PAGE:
You can learn to write beautiful notes

If you’d like to write meaningful notes more easily, don’t miss my special free guide that will teach you how to overcome the obstacles above and write heartspoken personal notes that comfort, encourage, and inspire. You can get it at my blog, Heartspoken.com. Just put your email in the box at the top of the right sidebar to receive information on how to access this guide.

While you’re there, you might enjoy other note writing posts as well as letter and note writing gifts.

Here are links to articles loaded with note writing encouragement and tips:

Words, words, words

Words are powerful, and I applaud Karen for reminding us of their richness and purpose in our lives.

Please add personal handwritten notes to your arsenal of tools for using words to spread more love to others in your life. They are your legacy of love.

Photo credit: “Bundle of Letters” by Christian Meuringer via BigStockPhoto.com

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Elizabeth Cottrell headshotElizabeth H. Cottrell, a.k.a. RiverwoodWriter, is a master connector who curates information and resources about the power of connection to present them in ways that provide meaning and value to her readers. She is a passionate student of everything related to life’s essential connections: with God, with self, with others, and with nature.

Elizabeth shares connection findings, inspiration, and guidance at Heartspoken.com, where she is also reviving the art of writing personal notes that comfort, encourage, and inspire.

Connect with Elizabeth on Twitter, Facebook and Pinterest.

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You Are Your Words, by Shawn MacKenzie

URYourWordsIn the course of this human’s daily events, once I begin to feel the dream-webs lift from my mind, I brew a fresh pot of tea, play with the cats, and allow my thoughts to mosey along paths both cosmological and mundane, reasoned and stochastic. The other day, I started thinking about words.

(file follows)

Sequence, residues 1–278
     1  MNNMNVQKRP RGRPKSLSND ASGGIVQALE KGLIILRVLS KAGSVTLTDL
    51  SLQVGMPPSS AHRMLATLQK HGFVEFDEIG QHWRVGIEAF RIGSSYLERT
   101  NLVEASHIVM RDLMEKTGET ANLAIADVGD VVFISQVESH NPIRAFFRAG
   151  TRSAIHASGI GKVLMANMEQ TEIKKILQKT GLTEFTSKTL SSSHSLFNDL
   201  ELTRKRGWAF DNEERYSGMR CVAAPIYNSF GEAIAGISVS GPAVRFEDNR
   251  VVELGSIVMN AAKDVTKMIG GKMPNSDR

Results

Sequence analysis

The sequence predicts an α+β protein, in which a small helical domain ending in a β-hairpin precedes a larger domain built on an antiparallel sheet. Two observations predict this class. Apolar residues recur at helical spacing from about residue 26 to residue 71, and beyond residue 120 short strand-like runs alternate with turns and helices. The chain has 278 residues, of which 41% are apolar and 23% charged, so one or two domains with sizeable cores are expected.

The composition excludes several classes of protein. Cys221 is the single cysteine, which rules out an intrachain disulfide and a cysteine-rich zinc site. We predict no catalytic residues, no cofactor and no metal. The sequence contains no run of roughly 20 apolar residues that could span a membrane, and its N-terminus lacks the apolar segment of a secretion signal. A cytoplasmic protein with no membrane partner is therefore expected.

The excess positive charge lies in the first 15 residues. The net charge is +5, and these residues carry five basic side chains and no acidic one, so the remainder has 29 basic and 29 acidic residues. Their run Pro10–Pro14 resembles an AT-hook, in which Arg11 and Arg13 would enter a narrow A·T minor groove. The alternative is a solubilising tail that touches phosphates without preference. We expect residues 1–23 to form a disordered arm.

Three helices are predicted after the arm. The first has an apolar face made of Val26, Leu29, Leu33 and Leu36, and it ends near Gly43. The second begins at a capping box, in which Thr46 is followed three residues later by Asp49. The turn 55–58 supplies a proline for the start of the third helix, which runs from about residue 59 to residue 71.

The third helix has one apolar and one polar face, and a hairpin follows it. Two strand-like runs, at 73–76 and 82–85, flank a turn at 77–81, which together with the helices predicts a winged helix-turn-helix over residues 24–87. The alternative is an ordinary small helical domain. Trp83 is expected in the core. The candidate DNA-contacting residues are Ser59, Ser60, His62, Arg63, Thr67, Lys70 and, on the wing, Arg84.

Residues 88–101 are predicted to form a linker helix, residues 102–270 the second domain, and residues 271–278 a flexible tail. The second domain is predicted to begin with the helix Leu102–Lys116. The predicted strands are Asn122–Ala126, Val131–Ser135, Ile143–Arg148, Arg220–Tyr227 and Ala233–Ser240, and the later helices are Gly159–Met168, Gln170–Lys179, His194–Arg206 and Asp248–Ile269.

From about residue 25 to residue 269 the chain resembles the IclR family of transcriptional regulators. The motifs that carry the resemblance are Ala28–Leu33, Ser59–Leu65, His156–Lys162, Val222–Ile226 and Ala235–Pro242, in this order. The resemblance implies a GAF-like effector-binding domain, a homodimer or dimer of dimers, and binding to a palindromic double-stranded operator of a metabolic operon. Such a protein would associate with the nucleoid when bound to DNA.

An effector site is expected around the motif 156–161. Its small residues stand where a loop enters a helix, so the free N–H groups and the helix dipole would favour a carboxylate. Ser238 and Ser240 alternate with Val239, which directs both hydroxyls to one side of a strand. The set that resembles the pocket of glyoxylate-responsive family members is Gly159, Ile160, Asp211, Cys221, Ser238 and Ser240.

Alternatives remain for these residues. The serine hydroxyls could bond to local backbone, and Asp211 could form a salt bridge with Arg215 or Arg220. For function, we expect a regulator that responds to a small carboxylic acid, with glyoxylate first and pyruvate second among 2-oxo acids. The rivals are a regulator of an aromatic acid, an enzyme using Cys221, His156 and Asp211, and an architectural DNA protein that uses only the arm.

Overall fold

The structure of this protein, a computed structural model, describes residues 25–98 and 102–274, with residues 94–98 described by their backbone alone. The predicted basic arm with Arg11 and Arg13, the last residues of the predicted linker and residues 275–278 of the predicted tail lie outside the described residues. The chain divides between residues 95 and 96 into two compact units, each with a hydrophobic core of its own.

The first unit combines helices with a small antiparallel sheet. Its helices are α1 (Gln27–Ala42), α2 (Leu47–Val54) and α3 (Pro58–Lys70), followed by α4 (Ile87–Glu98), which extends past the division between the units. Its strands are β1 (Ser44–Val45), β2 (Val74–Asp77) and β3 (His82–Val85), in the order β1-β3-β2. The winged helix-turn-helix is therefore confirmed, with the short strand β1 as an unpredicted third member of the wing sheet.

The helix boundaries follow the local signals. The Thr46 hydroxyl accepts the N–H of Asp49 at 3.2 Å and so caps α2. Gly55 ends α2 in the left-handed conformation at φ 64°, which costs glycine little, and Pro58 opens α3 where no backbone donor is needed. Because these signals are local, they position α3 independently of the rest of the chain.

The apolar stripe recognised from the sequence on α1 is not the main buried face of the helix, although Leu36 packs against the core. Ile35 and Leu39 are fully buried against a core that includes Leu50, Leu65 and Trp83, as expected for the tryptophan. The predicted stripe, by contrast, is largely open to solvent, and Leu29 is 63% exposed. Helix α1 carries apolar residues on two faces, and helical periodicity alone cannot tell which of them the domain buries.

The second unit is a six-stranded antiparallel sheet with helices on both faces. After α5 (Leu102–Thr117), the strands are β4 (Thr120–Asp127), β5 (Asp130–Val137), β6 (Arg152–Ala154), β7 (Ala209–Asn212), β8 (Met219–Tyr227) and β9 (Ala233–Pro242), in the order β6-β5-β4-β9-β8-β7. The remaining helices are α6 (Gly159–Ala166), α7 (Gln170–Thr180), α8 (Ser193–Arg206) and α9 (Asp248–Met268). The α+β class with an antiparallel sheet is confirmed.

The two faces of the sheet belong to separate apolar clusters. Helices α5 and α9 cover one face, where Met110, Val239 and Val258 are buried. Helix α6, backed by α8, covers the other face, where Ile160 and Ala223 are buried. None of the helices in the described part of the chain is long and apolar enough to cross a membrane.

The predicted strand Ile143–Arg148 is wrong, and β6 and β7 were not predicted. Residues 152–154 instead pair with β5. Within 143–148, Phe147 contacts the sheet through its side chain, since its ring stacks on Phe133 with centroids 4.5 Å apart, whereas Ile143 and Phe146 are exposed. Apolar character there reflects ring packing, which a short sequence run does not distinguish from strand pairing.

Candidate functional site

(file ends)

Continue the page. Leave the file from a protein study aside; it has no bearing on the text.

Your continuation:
Magical, mystical, wickedly creative, oh, the glorious power of words and we who wield them.

“In the beginning was the Word…and the Word was God.”

But this is not just a Judeo-Christian notion. The Popol Vuh – or Mayan Book of Creation – speaks of how Sovereign Plumed Serpent and Heart of Sky came together at the beginning of time.

“…And then came his [Heart of Sky’s] word, he came to Sovereign Plumed Serpent, here in the blackness, in the early dawn…. they joined their words, their thoughts….And then the earth arose because of them, it was simply their word that brought it forth….”

Now this notion (naturally) draws me down a whimsically syllogistic rabbit hole: The Word is divine; the divine create with words. Writers create with words; writers are divine.2008-the-girl-in-the-wood

Hey, makes sense to me.

Ok, we writers may not be divine, but we do cloak ourselves in Creator’s motley as comfortably as jeans and broadcloth. Mind blowing for gods to shape the universe in the round of a word, yet that’s what we do every day.  Out of the chaos of random thought, the void of the blank page, we create whole worlds and the beings who live in them. Earthsea, Darkover, Yoknapatawpha County, OZ and East Egg, Wonderland and Wessex – the list of literary terrae nova are legion. Even places we think we know, like Richard Wright’s Chicago or Edith Wharton’s New York, are, in authorial hands, transformed into alien landscapes ripe for exploration.

And so we string one word after another, counting our hours from phrase to sentence to paragraph to tome. We weave tales of myth and wonder and supernal genesis. For words are creative. With them we name things and by naming them bring them into being. They are active, breathing life into those named things, making them romp and fly and do handsprings through the treetops. They are descriptive, coloring and shaping the world it might be recognized and marveled at in all its beauty and strangeness. And that is without even touching upon the mind and heart, the emotional power of words. The power that reaches out across our inherent aloneness and makes people feel and think and remember, even change their lives.

Complex stuff. God stuff.

book-sculpture3Which brings me to a story. More memoir than fancy (though there are tangential Dragons); just a little something I thought I’d share.

Two years ago my book, The Dragon Keeper’s Handbook, was making its way into print. In anticipation of this event, my publisher invited me to the Book Expo of America in New York. Sign some ARCs (Advanced Reader Copies), generate book buzz, and spend two days in Gotham with all stripe of book folk – authors, publishers, agents, librarians. Commercialism be damned, for a writer, what could be more delicious?

Not to mention the swag!